Graham Walker’s been reading beyond the reported remarks of Reg Empey in the Lords recently:
Indeed, the part of his comments given less attention concerned the need for Unionists to get the ‘tone’ of their contributions right, and to avoid appearing to ‘bully’ or ‘hector’ the Scots. Amen to that.
And, yes, people in Northern Ireland should certainly concern themselves with the Scottish issue and its broader effects on the UK as a whole.
It behoves pro-Union political players in all parts of the UK to not only ensure the success of devolution in making a positive difference to those parts of the UK that possess it; but also to work at preserving and strengthening the benefits to all of UK citizenship.
He then points out the history of the washing out of unionist politics from Scotland:
It was only the split in the Liberal Party over Irish Home Rule that allowed the Tories to score some successes in Scotland in the late 19th and early 20th century. They had made significant strides to popularise their appeal – primarily on the basis of religion and Empire patriotism – although they could not shake off the stigma of being viewed as the party of privilege and of the landed interest.
In 1912, in response to the controversy over the Ulster crisis, the Conservatives formally merged with the ‘Liberal Unionists’ to form the Scottish Unionist Party.
From then until 1965 this party was known as ‘The Unionists’ and it remains to this day the only one to have won over half the Scottish vote at a general election, in 1955.
The ‘Unionists’ changed their name to Conservatives in 1965 and many political observers have pointed to this as a contributory factor in the party’s demise in Scotland. There were other deeper reasons for the Conservative slump: religious affiliation was in sharp decline, the Empire had gone, the old culture of deference was in retreat, and more and more Scots were questioning the benefits of Union.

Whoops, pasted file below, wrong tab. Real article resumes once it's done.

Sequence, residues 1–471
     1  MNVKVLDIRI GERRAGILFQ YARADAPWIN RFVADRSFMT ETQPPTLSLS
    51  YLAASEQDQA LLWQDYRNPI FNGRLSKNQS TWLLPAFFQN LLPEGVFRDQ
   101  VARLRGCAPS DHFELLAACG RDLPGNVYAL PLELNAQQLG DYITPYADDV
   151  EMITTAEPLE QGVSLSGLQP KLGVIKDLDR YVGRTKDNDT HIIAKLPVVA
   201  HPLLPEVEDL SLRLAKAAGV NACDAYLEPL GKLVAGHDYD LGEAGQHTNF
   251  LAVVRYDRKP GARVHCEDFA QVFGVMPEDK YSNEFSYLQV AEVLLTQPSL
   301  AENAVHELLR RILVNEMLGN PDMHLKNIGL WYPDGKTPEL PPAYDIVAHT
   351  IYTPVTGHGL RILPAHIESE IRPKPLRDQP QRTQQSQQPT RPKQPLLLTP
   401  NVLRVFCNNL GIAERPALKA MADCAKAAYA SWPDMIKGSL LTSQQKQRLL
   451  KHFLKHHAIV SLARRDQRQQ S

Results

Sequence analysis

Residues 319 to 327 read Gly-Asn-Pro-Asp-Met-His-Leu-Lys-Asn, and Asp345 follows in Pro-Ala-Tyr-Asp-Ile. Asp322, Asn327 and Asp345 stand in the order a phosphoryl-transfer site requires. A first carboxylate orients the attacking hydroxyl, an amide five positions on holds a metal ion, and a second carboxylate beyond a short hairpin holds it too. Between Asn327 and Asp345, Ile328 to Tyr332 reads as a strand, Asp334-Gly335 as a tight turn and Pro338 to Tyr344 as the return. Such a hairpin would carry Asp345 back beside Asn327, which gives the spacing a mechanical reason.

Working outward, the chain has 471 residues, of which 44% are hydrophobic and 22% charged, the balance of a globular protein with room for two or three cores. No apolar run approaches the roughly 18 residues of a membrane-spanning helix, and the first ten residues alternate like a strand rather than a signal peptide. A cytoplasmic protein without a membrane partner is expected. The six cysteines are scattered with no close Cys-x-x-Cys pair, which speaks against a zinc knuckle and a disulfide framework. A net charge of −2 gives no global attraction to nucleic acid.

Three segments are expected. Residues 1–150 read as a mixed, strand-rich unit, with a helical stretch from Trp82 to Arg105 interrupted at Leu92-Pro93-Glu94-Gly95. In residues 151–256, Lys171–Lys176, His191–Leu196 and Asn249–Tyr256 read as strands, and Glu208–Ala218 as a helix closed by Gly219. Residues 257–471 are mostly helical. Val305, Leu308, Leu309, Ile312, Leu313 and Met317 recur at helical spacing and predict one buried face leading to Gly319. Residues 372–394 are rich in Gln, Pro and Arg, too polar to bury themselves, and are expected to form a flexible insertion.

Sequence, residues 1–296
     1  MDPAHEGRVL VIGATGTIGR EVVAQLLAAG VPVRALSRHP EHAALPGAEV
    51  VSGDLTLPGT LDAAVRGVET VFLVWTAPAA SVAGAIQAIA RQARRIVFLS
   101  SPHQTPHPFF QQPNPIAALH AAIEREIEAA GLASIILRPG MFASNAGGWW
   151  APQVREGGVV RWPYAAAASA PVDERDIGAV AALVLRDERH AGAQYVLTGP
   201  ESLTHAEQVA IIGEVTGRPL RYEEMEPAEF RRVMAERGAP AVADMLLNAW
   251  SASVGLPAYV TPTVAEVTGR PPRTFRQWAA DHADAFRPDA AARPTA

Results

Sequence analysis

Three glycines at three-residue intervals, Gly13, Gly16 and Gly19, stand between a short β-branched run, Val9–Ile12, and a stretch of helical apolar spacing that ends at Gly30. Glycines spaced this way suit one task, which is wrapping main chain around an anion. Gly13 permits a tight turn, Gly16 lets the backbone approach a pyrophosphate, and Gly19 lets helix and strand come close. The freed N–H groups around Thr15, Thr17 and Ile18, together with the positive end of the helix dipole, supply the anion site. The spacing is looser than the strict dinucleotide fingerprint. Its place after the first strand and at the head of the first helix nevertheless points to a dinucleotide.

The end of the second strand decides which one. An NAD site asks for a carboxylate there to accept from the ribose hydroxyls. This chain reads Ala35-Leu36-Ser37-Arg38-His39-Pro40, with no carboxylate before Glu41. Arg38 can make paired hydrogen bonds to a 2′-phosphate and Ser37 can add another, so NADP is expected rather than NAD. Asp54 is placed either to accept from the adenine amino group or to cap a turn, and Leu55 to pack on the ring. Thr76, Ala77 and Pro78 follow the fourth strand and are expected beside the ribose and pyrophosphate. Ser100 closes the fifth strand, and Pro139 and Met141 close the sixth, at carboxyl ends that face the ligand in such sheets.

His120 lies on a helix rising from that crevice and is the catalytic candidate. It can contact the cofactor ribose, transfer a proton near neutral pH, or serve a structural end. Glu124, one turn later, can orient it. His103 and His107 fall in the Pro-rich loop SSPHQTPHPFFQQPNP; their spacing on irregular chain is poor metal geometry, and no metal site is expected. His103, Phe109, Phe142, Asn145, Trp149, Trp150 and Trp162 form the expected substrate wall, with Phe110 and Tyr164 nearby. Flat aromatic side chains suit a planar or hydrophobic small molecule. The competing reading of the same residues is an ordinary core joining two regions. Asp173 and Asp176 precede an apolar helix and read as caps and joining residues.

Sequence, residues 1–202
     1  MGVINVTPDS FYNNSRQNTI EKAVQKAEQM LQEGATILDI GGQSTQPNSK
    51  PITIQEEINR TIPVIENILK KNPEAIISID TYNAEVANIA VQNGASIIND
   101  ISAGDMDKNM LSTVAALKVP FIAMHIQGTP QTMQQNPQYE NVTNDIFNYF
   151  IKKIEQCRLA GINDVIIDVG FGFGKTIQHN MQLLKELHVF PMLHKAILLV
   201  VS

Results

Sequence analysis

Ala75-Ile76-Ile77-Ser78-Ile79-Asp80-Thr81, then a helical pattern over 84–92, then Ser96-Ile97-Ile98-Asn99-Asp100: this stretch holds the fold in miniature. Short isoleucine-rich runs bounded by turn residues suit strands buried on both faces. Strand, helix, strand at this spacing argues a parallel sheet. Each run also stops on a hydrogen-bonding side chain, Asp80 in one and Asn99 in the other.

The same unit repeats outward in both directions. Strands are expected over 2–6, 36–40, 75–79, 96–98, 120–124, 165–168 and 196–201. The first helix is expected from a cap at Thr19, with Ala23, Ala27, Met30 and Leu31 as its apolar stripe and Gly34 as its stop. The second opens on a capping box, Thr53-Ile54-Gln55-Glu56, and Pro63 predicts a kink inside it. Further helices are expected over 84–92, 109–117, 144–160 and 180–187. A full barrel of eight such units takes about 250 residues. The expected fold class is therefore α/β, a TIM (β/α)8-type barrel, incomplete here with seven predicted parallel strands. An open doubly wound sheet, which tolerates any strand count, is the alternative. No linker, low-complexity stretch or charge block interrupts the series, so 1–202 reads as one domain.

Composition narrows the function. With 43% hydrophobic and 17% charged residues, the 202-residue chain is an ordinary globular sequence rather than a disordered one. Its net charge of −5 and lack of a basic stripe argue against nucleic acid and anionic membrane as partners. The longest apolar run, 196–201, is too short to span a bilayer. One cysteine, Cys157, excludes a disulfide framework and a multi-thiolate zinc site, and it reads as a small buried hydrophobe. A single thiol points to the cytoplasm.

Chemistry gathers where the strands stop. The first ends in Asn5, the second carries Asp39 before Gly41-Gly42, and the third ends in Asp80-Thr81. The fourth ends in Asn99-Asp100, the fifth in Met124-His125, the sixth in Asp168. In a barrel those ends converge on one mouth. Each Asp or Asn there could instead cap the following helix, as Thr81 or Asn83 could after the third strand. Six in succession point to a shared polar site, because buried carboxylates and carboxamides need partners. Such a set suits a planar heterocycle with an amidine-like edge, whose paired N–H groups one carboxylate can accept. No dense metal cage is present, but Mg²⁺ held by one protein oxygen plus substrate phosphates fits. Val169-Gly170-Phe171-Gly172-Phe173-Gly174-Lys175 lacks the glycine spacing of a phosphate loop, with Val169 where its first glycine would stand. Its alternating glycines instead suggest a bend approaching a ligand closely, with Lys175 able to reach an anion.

The party was led nationally by Margaret Thatcher from 1975. Her style and manner grated with Scottish voters and she clearly had little time for Scottish sensitivities around national institutions and a separate identity. Her decimation of traditional heavy industry added to the alienation of the Scottish electorate. The decisive referendum result in favour of a Scottish Parliament in 1997 was in large part a measure of the determination of the Scots to never again leave themselves at the mercy of an ideologically driven Tory Prime Minister.
Last year during the Scottish Conservative Party leadership election, the Member of the Scottish Parliament (MSP) Murdo Fraser proposed to wind up the party and re-launch it as a modern right-of-centre political force without the name ‘Conservative’.
He was defeated by his colleague Ruth Davidson, whose stance was ultra traditionalist. Arguably Fraser was right and the last hope for the Conservative-minded in Scotland has now gone.